The new guidance also reiterates a key point of statistical sampling: You cannot use sampling, or any other approach, to disregard any core employee demographic category. Put differently, sampling does not allow you to exclude certain employee groups, divisions, or locations.

The takeaway:

The new guidance is a helpful confirmation, but it doesn’t change the way most companies can or should approach their analysis. We’re happy to continue helping clients with both data-rich population analyses and robust statistical sampling. But for most companies, it’s still probably faster and easier to analyze the full population.

CACM and Median Employee Selection

We are clarifying that a registrant may use internal records that reasonably reflect annual compensation to identify the median employee, even if those records do not include every element of compensation, such as equity awards widely distributed to employees.

The consistently applied compensation measure (CACM) describes the measure of compensation that companies use to identify the median employee. The pay ratio ultimately must be calculated using Summary Compensation Table (SCT) conventions for annual total compensation. But to identify the median employee, the rule allows companies to select a CACM based on their facts and circumstances.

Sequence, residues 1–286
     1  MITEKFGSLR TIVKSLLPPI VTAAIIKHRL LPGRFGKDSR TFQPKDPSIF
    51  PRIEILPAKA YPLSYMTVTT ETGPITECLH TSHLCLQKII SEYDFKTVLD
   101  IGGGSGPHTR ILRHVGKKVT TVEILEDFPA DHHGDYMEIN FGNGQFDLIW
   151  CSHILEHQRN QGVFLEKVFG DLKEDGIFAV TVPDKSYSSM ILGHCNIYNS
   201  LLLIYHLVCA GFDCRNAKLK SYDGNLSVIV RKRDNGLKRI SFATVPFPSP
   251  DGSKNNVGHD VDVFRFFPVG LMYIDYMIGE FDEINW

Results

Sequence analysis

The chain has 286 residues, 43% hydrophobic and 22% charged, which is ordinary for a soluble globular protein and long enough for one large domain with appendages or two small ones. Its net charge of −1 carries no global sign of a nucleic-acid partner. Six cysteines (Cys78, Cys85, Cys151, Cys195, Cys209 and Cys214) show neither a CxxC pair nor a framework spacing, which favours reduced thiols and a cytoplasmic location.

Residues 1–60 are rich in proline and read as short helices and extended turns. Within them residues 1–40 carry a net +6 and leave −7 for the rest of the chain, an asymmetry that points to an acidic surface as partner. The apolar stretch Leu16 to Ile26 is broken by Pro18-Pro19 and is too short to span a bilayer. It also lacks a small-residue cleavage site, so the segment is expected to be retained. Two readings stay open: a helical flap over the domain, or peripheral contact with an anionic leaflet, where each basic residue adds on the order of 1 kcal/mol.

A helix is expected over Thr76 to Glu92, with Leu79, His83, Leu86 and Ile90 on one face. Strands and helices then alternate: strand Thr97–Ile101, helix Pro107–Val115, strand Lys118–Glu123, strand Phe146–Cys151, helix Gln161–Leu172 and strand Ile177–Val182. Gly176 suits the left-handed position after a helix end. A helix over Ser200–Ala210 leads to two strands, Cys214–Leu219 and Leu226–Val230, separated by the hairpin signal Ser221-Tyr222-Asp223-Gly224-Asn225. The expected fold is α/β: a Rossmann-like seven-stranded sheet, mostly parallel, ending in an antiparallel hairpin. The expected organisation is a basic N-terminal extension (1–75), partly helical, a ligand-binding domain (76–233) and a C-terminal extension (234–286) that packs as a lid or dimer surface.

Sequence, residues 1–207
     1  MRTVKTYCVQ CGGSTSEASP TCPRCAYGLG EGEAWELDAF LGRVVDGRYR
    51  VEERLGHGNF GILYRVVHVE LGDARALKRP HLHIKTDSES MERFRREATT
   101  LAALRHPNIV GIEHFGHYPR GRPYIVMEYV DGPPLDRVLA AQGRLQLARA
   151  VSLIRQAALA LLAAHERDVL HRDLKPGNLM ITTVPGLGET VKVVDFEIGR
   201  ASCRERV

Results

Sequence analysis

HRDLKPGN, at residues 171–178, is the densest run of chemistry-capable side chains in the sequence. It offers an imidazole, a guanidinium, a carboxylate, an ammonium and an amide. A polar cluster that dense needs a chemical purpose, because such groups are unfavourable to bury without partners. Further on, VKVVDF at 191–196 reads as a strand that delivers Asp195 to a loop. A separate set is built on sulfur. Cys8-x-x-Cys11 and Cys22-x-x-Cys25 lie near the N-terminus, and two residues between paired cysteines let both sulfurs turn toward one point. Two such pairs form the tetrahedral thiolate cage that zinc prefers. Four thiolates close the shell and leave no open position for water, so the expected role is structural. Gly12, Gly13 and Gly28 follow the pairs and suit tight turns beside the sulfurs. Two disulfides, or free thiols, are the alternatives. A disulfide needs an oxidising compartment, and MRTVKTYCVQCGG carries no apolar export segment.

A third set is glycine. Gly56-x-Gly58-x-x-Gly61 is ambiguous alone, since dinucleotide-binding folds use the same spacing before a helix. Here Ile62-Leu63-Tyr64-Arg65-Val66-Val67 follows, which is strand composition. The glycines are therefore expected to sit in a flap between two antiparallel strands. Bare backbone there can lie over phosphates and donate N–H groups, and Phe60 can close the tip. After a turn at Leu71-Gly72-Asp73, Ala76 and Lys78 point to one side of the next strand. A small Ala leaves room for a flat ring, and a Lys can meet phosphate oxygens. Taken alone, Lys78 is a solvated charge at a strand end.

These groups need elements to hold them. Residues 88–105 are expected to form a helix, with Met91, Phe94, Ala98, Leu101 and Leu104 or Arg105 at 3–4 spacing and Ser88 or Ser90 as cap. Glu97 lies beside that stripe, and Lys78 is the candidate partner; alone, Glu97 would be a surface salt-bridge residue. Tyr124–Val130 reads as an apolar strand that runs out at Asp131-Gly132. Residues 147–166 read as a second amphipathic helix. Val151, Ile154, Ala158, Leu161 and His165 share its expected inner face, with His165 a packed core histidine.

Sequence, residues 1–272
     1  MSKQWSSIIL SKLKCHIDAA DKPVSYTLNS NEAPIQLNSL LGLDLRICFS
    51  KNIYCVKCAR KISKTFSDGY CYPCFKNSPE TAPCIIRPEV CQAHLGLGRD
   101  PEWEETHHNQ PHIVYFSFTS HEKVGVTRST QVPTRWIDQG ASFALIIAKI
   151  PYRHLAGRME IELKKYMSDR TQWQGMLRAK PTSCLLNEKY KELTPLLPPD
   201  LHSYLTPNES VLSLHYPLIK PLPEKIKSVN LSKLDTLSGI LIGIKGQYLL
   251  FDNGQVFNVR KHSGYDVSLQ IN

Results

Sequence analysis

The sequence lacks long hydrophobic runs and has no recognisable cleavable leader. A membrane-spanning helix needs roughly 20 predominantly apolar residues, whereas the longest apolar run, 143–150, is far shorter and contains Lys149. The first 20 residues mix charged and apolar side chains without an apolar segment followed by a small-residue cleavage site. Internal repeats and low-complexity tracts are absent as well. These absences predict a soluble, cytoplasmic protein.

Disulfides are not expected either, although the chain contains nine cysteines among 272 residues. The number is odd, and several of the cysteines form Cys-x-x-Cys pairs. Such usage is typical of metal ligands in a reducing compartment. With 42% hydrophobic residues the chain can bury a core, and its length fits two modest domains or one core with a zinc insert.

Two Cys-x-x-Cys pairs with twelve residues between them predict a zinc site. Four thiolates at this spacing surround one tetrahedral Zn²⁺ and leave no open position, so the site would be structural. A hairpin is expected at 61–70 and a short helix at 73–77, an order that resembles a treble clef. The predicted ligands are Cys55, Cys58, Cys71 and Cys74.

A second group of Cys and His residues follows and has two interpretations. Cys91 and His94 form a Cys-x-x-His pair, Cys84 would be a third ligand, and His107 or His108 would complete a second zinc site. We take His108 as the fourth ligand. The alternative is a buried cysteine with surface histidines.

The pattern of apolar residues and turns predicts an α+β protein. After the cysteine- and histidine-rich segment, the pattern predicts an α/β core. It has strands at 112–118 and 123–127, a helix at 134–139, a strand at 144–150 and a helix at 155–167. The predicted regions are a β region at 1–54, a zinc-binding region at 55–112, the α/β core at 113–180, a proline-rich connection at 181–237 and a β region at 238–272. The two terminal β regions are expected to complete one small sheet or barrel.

In one of the October 2016 CDIs, the SEC stated that the CACM needed to be representative of the employee population and overall pay practices. They cited an example of needing to include equity in the CACM if equity is granted broadly. This suggested that companies were more or less required to incorporate major components of pay, regardless of the cost/benefit of gathering and using that data.

In the new interpretive guidance and a corresponding update to that CDI, the SEC eases the CACM requirements. Companies may use existing internal records to calculate the CACM, as long as the CACM still reasonably reflects compensation. For example, a company may use total cash compensation as its CACM—excluding equity—as long as the exclusion of equity would not substantially change their median pay.

The takeaway: